Primary percutaneous coronary intervention (PCI) in patients with ST-elevation myocardial infarction (STEMI), i.e. mechanical reperfusion therapy as soon as possible by opening the infarct-related occluded epicardial coronary vessel, has been shown to reduce mortality. Approximately 50% of STEMI patients present with multivessel disease, which is associated with worse prognosis. Guidelines recommend complete revascularisation, but earlier studies have shown mixed results. In recent years, several randomised controlled studies and meta-analyses have demonstrated that multivessel PCI in STEMI patients was associated with a significant reduction in the composite of death, non-fatal myocardial infarction, repeat revascularisation or stroke [1
]. Importantly, when non-culprit lesions are selected based on fractional flow reserve (FFR) measurements, around 30% of angiographically significant lesions qualify as haemodynamically non-significant. In addition, the difference in outcome in the larger contemporary trials was mainly driven by a difference in repeat revascularisation [3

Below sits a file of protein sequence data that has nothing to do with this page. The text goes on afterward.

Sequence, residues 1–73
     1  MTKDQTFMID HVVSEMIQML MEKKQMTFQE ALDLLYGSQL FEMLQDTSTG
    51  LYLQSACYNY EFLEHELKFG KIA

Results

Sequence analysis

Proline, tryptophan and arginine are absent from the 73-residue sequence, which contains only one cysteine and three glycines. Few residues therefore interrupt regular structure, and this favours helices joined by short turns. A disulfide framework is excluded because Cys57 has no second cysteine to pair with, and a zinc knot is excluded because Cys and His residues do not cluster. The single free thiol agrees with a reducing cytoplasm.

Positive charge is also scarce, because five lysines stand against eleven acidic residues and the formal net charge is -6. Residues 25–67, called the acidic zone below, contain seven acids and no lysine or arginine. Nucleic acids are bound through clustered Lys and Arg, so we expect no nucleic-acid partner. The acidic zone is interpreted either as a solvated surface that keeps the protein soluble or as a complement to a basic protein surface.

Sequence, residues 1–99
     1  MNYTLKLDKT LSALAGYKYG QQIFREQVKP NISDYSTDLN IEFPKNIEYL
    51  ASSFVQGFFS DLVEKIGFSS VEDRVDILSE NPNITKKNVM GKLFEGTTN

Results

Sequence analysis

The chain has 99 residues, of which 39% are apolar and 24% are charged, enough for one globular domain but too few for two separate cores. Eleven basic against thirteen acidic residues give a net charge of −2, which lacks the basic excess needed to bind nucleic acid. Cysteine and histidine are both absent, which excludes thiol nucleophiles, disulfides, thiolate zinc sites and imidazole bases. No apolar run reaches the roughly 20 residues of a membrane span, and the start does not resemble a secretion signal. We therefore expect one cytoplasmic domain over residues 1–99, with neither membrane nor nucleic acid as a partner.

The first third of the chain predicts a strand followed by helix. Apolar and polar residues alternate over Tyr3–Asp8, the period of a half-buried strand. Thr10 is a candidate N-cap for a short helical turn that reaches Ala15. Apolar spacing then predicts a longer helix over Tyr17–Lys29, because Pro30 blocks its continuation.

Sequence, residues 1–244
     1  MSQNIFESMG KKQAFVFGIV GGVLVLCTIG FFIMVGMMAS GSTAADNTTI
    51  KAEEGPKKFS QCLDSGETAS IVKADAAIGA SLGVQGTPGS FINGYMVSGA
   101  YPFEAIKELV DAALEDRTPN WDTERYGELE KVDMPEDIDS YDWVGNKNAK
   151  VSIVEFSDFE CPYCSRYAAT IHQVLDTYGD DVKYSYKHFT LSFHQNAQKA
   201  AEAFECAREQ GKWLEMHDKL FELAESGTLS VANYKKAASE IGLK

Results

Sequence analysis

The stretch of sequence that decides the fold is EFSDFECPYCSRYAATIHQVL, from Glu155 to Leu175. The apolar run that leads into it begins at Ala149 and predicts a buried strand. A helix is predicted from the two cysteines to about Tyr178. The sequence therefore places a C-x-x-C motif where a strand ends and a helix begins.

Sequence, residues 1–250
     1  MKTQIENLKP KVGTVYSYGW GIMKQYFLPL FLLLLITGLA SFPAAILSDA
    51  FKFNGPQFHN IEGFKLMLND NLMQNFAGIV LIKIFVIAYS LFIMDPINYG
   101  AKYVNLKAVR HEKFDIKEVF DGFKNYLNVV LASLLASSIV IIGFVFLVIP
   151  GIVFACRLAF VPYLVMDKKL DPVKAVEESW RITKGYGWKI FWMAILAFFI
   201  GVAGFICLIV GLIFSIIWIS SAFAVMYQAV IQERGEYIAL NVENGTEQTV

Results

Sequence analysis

]. In the COMPLETE trial, complete revascularisation was superior to culprit-lesion-only PCI in reducing the risk of cardiovascular death or myocardial infarction, as well as the risk of cardiovascular death, myocardial infarction, or ischaemia-driven revascularisation [4
]. In the Netherlands, the ongoing iMODERN study (NCT03298659) will answer the question whether instant wave-free ratio (iFR) guided complete revascularisation during the index hospitalisation is superior to deferred cardiac magnetic resonance guided additional revascularisation.
In patients with non-ST-elevation acute coronary syndromes, early revascularisation is recommended for “high-risk” patients with a GRACE risk score >140 or a positive cardiac troponin. The question whether complete revascularisation in non-STEMI patients is associated with clinical benefit has not been studied extensively, although a large registry showed a benefit associated with single-stage complete coronary revascularisation [5